Politics

Rowan County Clerk Kim Davis will be back in federal court  this morning in Ashland. For the past several days, she has defied a federal judge’s order to issue marriage licenses to same-sex couples, saying her religious views prevent her from signing off on them.

An appeals court and the U.S. Supreme Court have declined to interject on her behalf. So today’s hearing will determine whether Davis is in contempt of U.S. District Judge David Bunning’s order last month to resume issuing marriage licenses. She could be fined or even put in jail.

This week, Davis spent much of her days with her office door shut and the blinds down, avoiding people and the media spotlight.

Under normal circumstances, Davis’ is responsible for mundane tasks — vehicle registration renewals, running elections — for a county of fewer than 24,000 residents. But this summer, she’s found herself at the center of a national controversy.

So who is Kim Davis?

The 49-year-old Democrat was first elected to this post in November. She replaced her mother, Jean Bailey, who served as county clerk for 37 years.

Davis hasn’t issued marriage licenses to anyone since the Supreme Court legalized same-sex marriage in June. Since then, protesters and couples who want to get married in their home county have hounded her.

Flavis McKinney, a retired sawmill worker, said he’s known Davis for nearly 30 years and thinks she’s doing a great job.

“I have no complaint, and I don’t think too many other people has. Everything was going smooth until this gay marriage thing come in,” McKinney said.

McKinney said he prays with Davis in her office every few days. He’s one of many religious supporters celebrating her stand. They applaud Davis’ evangelical conviction to uphold her beliefs despite repeated rulings from federal courts that her personal views can’t get in the way of her official duties.

McKinney said the legalization of same-sex marriage is a sign of the “end times.”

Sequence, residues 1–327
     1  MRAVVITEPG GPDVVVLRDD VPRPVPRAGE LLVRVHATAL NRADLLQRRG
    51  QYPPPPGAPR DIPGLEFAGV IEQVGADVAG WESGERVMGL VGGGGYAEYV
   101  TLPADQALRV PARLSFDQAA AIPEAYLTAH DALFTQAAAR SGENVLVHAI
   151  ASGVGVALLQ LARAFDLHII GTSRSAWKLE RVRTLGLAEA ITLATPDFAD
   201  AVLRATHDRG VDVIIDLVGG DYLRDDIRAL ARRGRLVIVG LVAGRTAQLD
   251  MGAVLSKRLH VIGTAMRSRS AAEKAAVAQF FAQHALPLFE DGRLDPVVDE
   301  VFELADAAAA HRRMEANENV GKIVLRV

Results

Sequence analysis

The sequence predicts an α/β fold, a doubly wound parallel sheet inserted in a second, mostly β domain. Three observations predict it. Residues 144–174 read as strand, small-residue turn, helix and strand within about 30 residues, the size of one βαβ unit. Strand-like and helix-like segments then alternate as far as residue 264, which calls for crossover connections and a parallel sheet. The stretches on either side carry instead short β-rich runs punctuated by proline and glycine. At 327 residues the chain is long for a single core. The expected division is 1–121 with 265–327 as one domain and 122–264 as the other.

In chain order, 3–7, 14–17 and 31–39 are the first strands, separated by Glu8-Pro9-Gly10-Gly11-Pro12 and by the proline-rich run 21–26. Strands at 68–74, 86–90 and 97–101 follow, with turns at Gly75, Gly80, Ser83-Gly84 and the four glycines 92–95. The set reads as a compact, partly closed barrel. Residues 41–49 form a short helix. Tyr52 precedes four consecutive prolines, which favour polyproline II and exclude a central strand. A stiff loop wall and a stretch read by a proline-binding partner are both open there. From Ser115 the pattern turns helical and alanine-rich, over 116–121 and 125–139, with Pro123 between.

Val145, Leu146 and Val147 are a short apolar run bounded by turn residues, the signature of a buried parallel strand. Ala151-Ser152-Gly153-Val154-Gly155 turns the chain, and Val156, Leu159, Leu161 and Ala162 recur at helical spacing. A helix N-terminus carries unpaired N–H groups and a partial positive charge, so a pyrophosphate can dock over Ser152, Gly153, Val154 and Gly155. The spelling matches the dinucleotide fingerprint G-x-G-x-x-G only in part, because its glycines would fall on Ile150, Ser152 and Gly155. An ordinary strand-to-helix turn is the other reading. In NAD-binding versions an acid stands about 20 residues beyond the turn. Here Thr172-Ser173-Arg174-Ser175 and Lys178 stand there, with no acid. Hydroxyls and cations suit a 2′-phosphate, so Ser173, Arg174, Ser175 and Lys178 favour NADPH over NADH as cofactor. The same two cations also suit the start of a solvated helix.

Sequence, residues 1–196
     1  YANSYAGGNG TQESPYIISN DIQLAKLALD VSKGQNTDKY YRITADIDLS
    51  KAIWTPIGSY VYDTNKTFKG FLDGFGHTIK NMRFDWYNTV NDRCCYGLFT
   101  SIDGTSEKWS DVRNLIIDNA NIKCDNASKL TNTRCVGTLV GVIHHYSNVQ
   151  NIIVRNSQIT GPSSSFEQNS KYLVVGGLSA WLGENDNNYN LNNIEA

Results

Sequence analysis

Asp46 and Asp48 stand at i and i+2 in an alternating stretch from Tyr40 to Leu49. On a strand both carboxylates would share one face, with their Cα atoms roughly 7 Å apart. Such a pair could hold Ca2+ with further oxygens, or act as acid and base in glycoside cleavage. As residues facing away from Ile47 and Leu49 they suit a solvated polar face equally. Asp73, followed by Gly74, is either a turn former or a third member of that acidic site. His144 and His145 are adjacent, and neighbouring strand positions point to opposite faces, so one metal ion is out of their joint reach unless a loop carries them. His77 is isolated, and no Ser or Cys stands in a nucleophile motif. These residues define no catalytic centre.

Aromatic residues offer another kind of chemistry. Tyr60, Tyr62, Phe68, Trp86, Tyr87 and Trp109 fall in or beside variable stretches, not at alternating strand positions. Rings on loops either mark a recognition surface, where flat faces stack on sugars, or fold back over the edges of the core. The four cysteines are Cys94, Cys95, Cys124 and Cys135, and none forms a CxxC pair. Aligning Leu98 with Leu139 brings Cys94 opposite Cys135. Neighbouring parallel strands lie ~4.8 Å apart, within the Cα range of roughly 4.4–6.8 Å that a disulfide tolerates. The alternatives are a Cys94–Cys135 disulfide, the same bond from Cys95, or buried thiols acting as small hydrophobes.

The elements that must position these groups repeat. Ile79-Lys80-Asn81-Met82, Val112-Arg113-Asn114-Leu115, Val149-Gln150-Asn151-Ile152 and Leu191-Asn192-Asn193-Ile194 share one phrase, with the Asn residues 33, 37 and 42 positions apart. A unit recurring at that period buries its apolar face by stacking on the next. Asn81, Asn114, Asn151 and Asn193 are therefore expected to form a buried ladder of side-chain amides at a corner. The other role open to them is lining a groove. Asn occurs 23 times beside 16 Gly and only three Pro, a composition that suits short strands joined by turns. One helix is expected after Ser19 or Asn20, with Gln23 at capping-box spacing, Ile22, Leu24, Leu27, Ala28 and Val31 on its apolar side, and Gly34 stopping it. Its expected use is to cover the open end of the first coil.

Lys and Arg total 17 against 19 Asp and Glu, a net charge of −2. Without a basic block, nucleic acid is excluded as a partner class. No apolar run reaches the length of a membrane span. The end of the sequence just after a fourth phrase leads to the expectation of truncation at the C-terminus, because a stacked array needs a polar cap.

“She told me before she was elected. It’s passing in other states and stuff, she said I can’t do it if she was elected to office. If it come to Kentucky, she said I just can’t do it, being the will of God,” McKinney said.

When the Supreme Court refused to hear her grievances, Davis doubled down on her position, releasing a statement that said she never imagined she would be asked to violate a central teaching of scripture regarding marriage.

Her critics point out despite her moral posturing, she’s violated principles of her own religion, Apostolic Christianity, by getting divorced three times.

Robbie Blankenship and Jesse Cruz tried to get a marriage license yesterday, but were denied.

“She’s been married four times … three divorces … three divorces! We’ve been together 20 years, but our love is not equal to yours,” Blankenship said

Davis was first married in 1984, and then in 1996, 2007, and 2009. The second and last of those marriages were to the same man — her present husband, Joe Davis.

Jack Carpenter lives next to a house the Davises rent out to a member of their church. He said he was disgusted when Davis’ personal life was used against her.

“Where they’re bringing how many times she’d been married into it and stuff now — you know, what’s that got to do with anything? You know? I mean, I don’t know. It’s just crazy, you know, here we are this little small town and we’re on national news,” Carpenter said.

Carpenter said Davis is a “super, super nice lady.” Even though he doesn’t agree with her views, he feels sorry for her.

“It’s actually what she believes. She’s not doing it for publicity or any crazy stuff, that’s what’s in her heart,” Carpenter said.

Carpenter said he can’t imagine Davis backing down. And she’s given no sign that she will.

Late Wednesday, Davis and her attorneys made a last-ditch attempt to have the contempt hearing delayed. No word yet from Judge Bunning.

Ryland Barton is the Capitol bureau chief for Kentucky Public Radio.